March’s Food Network Magazine is the chocolate issue. Jeff brought it to me at work, which meant that it went around the cubes, and landed in the hands of Jasmine. Whose birthday happened to be last week. So she marked it up for me, and we finally decided on Boston Creme Pie. Which, really, is a cake, as it turns out. I’ve been calling it Boston Creme Pie Cake all week, and when I finally looked it up, turns out it’s not a pie at all. Anyways, onward.
Here’s the recipe (page 116 if you subscribe):
Unsalted butter, for the pan
1 1/4 cup cake flour
1 tsp baking powder
1/4 tsp salt
4 large eggs, room temperature
1 cup sugar
1/2 cup whole milk (I used half 2 percent, and half half-and-half)
1/3 cup vegetable oil
1 1/2 tsp vanilla
1 1/2 cup whole milk (I used 2 percent)
2 tsp vanilla
2 large eggs
4 egg yolks
1/2 cup sugar
1/2 cup cornstarch
4 oz semisweet chocolate, chopped
1/2 cup heavy cream (I used half and half)
1 tsp vanilla
I ended up making the recipe over two nights, the cake and pudding with Becca on Sunday, and the glaze the morning I served the cake (two days later.) The recipe was time consuming, and there are several matters I have to discuss, if I were ever to make it again.
First, we made the cake by whipping the eggs and sugar in a stand mixer.
Now, the recipe says to put the eggs and sugar on high speed for fifteen minutes, until “pale and triple in volume.” However, this only ended up taking about five minutes, and we didn’t want to over whip the eggs, so we went for looks over time, and I think that was the way to go.
Then, we added the flour, baking powder, and salt, which we had sifted together whilst the eggs and sugar were going. Here’s another thing about this recipe: the recipe says to sift first, then whip your eggs and sugar. And if you’re anything like me (read time strapped, impatient, and probably hungry) the last thing you want to do when making a recipe is waste time. So why would you ever sift first, get that bowl ready, and THEN wait fifteen (or five) minutes for your eggs and sugar to triple in size?
Which brings me to a lesson I learned long ago with the PW: always read a recipe through completely at least once before you attempt to make it. Unless you conveniently always have six hours and a back up recipe ready, which I’m pretty sure no one does.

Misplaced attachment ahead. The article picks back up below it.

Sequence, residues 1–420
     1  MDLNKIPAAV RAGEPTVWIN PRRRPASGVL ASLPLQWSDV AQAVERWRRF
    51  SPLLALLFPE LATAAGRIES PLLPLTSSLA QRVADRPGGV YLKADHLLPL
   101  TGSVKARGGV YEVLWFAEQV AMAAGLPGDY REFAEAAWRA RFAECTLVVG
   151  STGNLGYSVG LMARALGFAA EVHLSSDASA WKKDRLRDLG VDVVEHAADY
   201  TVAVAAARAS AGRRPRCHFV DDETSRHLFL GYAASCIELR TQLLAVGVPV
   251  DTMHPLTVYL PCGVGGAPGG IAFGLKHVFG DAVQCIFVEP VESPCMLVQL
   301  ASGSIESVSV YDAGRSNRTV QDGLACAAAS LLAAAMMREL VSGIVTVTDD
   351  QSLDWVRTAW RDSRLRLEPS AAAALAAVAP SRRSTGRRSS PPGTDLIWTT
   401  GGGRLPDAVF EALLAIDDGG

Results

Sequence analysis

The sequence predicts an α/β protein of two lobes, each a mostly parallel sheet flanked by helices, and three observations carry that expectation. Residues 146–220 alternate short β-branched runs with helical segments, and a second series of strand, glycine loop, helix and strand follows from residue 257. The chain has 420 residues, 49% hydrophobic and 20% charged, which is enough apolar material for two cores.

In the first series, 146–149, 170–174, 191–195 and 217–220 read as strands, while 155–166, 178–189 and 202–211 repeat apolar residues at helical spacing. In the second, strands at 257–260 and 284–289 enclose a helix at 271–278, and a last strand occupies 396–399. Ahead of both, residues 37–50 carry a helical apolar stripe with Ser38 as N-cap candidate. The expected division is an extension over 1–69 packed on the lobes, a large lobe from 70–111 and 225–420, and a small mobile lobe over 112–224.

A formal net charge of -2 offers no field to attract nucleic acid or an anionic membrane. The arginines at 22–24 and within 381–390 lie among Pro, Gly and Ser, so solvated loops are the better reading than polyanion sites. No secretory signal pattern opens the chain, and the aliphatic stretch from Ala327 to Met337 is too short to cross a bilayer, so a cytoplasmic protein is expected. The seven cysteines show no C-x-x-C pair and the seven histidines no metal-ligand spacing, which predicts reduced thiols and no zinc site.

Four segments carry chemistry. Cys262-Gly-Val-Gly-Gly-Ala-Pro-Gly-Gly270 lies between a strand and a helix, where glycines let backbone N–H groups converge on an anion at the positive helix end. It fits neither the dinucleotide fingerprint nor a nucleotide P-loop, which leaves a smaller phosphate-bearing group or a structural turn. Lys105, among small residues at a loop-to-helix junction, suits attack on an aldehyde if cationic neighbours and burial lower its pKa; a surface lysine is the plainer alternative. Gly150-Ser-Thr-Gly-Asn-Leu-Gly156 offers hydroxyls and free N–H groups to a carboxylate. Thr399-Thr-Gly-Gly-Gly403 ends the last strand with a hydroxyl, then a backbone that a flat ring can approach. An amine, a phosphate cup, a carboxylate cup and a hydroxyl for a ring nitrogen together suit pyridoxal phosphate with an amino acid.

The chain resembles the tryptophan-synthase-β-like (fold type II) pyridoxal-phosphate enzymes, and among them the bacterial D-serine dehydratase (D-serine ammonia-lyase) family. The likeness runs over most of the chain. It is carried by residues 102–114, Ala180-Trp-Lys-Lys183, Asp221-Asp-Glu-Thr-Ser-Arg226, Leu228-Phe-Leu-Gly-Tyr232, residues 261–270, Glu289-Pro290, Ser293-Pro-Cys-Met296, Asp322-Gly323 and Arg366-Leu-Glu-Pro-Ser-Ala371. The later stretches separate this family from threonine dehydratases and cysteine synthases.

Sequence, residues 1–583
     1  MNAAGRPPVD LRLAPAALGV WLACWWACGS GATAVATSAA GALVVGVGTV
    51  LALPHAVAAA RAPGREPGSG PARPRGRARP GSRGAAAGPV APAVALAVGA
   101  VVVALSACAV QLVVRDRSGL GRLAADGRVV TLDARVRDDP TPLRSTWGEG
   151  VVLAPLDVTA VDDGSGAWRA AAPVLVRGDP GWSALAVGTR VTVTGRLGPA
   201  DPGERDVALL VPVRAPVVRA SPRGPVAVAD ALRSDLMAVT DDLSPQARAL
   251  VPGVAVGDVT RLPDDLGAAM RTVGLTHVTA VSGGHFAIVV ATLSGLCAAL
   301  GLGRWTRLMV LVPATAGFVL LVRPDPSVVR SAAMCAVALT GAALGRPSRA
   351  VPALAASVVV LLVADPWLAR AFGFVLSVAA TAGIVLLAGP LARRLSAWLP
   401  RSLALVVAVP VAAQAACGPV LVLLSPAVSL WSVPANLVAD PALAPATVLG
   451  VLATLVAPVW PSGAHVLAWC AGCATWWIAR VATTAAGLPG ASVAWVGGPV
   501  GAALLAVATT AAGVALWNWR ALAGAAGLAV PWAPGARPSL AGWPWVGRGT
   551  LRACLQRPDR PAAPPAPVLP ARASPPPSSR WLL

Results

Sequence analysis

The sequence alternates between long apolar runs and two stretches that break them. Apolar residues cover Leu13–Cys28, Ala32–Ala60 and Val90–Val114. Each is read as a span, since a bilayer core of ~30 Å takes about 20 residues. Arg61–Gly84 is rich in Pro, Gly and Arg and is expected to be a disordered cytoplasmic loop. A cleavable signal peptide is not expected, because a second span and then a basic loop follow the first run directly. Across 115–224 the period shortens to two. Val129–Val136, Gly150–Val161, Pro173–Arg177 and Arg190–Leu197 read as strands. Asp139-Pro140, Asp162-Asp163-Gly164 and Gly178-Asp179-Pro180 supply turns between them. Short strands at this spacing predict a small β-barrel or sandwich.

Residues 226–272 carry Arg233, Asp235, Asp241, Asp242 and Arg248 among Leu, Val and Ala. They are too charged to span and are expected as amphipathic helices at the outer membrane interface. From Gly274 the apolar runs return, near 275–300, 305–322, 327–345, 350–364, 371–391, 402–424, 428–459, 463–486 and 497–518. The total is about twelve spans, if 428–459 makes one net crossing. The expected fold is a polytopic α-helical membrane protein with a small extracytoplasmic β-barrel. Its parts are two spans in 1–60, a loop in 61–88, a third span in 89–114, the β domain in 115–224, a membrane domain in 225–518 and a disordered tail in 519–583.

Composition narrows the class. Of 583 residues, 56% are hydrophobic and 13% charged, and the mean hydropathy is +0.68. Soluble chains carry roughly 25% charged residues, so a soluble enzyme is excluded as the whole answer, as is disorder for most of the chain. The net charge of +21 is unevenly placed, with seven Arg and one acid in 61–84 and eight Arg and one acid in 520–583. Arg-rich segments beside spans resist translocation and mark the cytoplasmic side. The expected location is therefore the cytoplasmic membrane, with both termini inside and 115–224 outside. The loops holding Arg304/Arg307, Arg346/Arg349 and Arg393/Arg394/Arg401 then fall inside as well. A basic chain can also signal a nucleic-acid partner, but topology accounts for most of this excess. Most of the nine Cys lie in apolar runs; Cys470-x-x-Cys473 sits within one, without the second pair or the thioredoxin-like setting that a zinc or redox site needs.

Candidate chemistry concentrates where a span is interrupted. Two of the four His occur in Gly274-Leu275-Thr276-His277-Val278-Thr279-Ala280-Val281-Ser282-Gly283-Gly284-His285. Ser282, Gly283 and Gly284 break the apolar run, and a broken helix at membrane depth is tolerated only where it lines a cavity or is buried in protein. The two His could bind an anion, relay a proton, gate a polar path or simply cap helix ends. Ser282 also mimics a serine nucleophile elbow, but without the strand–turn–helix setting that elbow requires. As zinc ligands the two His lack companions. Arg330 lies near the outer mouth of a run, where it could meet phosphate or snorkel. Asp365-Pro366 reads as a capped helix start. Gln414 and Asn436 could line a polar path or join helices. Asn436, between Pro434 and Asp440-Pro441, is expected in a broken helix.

Anyways, back to the recipe.
So after you mix in the flour combo, and then your milk/oil/vanilla, you beat until well combined. Then, you pour into your baking pan, which presented another problem. The whole idea here was that you made one cake and sliced it down the middle. However, halfway through my pouring the batter, Becca said, “Um…no. That’s not going to fit.” And so we took out another pan, buttered, parchment papered, and poured. (ie wasted time.)
Upon looking at the photograph of this step, we realized their pan was two inches deep. But it wasn’t in the directions. I don’t know about many bakers out there, but I wouldn’t automatically reach for a 2-inch deep pan.
Neither here nor there…we made two small cakes.
Now, onto the pudding while the cake is in! First, whisk the eggs, yolks, and sugar in a large bowl until light and fluffy, while also slowly heating your milk.
Now you’re going to temper the egg mixture (so it doesn’t cook, and curdle) by adding a little bit of the milk, then adding the whole thing back into the rest of the hot milk. Now you’re going to heat it for about 15 minutes.
When it looks like this, you’re pretty good. We didn’t understand why we were going to have to strain it, but at this point it’s pretty much the consistency of scrambled eggs, so it was better that we did.
Flash forward to two days later, when I put the whole thing together.
First, measure out your chocolate (I used chips, obviously.) Because I used half and half instead of heavy cream, I ended up needing five ounces of chocolate.
Now, to build a cake.
Now, I brought this cake to work, so a note about serving, if you plan on moving the cake: the cake is NOT stable. When I got to work, the top layer had slide off (hindsight: duh, because of the pudding) and so I had to put it back together. I don’t know what you could really do to solve this, other than put it together when arrive where you’re going, or just save the chocolate, or put toothpicks in it…any ideas?
Anyways, I would definitely suggest making Boston Creme Pie soon, because despite this recipe’s flaws, it was delicious. Do you have a recipe for Boston Creme Pie that you like?